Becoming Cliterate And How Lesfic Can Lead The Way

This episode of The Lesbian Review Podcast is titled Becoming Cliterate And How Lesfic Can Lead The Way.

Sheena is joined by Karelia Stetz-Waters today to talk about how important well written sex is for f/f books especially in an age of unhappy and sexually frustrated young people.

In this episode:

  • Becoming Cliterate – what it is and where it comes from
  • Studies about orgasms and the importance of the clitoris
  • Why great sex is important in lesbian fiction
  • How Karelia Stetz-Waters wants to educate mainstream romance writers
  • One of the worst sex scenes ever
  • Fading to grey vs graphic sex
  • The struggle for the Gen X
  • The vocabulary gap between generations
  • Becoming more diverse in our language
  • Plus hear Karelia Stetz-Waters read a sex scene from her novel Worth The Wait

In this podcast we talk about these books

Becoming Cliterate by Dr Laurie Mintz

Publisher: Harper Audio

On audio: Yes


We’ve been thinking about sex all wrong. Mainstream media, movies, and porn have taught us that sex = penis + vagina, and everything else is just secondary. Standard penetration is how men most reliably achieve orgasm. The problem is, women don’t orgasm this way. We’ve separated our most reliable route to orgasm – clitoral stimulation – from how we feel we should orgasm – penetration. As a result we’ve created a pleasure gap between women and men:

  • 50 percent of 18- to 35-year-old women say they have trouble reaching orgasm with a partner
  • 64 percent of women versus 91 percent of men said they had an orgasm at their last sexual encounter
  • 55 percent of men versus 4 percent of women say they usually reach orgasm during first-time hookup sex

In Becoming Cliterate, psychology professor and human sexuality expert Dr. Laurie Mintz exposes the broader cultural problem that’s perpetuating this gap and what we can do about it. Pulling together evidence from biology, sociology, linguistics, and sex therapy into one comprehensive, accessible, and prescriptive book, Becoming Cliterate features:

  • Cultural and historical analysis of female orgasm (spoiler: the problem’s been going on for ages)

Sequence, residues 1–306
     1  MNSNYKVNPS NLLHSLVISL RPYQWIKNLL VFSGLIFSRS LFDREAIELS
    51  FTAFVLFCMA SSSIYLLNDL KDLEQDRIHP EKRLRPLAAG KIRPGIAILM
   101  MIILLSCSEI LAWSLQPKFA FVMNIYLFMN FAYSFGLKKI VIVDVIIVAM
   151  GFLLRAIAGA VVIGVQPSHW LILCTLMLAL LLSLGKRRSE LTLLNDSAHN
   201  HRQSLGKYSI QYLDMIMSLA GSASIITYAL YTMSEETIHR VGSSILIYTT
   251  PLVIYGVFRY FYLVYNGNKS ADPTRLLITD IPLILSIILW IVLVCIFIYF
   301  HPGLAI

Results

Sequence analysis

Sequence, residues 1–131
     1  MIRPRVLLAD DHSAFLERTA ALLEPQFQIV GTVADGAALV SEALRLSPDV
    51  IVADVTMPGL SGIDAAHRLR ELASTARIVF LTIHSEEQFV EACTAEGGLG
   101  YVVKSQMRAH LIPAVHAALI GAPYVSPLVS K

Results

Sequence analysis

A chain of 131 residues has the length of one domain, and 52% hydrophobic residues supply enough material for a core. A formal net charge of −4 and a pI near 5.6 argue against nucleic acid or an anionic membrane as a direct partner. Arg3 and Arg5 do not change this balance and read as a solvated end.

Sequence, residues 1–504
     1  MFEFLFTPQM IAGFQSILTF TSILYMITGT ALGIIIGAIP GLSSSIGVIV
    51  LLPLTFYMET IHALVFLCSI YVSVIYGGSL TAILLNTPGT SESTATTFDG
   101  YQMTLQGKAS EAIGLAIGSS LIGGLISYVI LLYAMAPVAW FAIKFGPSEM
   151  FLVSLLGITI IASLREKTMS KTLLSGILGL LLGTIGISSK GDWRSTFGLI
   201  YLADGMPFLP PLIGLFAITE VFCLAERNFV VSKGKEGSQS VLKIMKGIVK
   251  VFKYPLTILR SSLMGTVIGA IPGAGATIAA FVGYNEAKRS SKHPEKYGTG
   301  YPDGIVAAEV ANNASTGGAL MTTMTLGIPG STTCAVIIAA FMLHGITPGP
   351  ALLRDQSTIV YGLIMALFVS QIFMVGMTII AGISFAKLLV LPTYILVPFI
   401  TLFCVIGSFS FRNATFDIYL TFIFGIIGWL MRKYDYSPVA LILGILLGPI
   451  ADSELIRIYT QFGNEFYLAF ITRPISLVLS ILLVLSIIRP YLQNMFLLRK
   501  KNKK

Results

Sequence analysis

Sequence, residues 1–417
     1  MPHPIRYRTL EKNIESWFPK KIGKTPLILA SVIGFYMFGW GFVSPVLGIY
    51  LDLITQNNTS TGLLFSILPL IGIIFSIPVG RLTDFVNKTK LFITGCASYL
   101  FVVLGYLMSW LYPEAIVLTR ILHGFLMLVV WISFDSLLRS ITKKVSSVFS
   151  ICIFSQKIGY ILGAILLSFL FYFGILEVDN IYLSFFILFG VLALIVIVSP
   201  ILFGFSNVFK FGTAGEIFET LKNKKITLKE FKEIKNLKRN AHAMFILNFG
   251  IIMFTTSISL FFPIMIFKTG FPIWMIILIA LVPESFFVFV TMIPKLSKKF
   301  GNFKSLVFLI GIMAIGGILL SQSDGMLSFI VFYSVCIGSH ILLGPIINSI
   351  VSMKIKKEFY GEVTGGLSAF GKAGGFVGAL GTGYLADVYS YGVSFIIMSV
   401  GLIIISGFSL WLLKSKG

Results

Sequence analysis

• An anatomy section (it’s all custom under the hood)
  • Proven techniques for cliterate sex (it starts with training the sex organ between your ears)
  • A comprehensive final chapter for men (because you don’t have to have a clitoris to be cliterate)

By dispelling the lies, misunderstandings, and myths that have been holding us back, Becoming Cliterate tackles both personal and political problems and replaces them with updated outlooks and practical skills needed to change our collective perspective on sex. It’s time to finally inform women and men on how to have satisfying experiences in bed that benefit both parties.

The revolution is cuming – and Becoming Cliterate offers a radical, simple solution to progress and pleasure for all.

Get the audio/book on Amazon here

(this link works for Amazon US, UK, Canada, Italy and Germany)

Worth The Wait by Karelia Stetz-Waters

Publisher Forever Yours

On audio: no


A second chance at first love . . .

For fifteen years, Avery Crown tried to forget her best friend Merritt Lessing. The late nights studying, the whispered confidences, and the little touches that never turned into something more. Unfortunately, her efforts have not been as successful as her TV career as the queen of home renovation. So when she runs into Merritt at their high school reunion, Avery asks for one night with the woman she’s always wanted . . .

Merritt spent high school pining after Avery, but never made a move-their friendship meant too much. The one time it seemed things might change, Avery chose her budding career. So Merritt did the same, throwing herself into her remodeling business. Now Avery’s back, and while Merritt still hasn’t forgiven her for walking away the first time, they can’t keep their hands off each other. But when their professional paths cross, and it seems like Avery is choosing her career once again, Merritt will have to decide if she’s willing to let go of the past and give herself a second chance with her first love.

Get the book on Amazon here

(this link works for Amazon US, UK, Canada, Italy and Germany)

Something True by Karelia Stetz-Waters

Publisher Forever Yours

On audio: no


Don’t miss Karelia’s newest release in the Out in Portland series, Worth the Wait, available this summer!

Tate Grafton has a tough exterior, but underneath she’s kind, caring, and fiercely loyal. That’s why she first started working at Out in Portland Coffee – it was her way of repaying the shop’s owner for taking her in as a homeless teenager. Nine years later, the coffee shop is floundering and Tate feels like she’s letting life pass her by . . . until she shares an unforgettable night with a beautiful stranger. When the mysterious woman disappears the next morning, Tate doesn’t even know her name.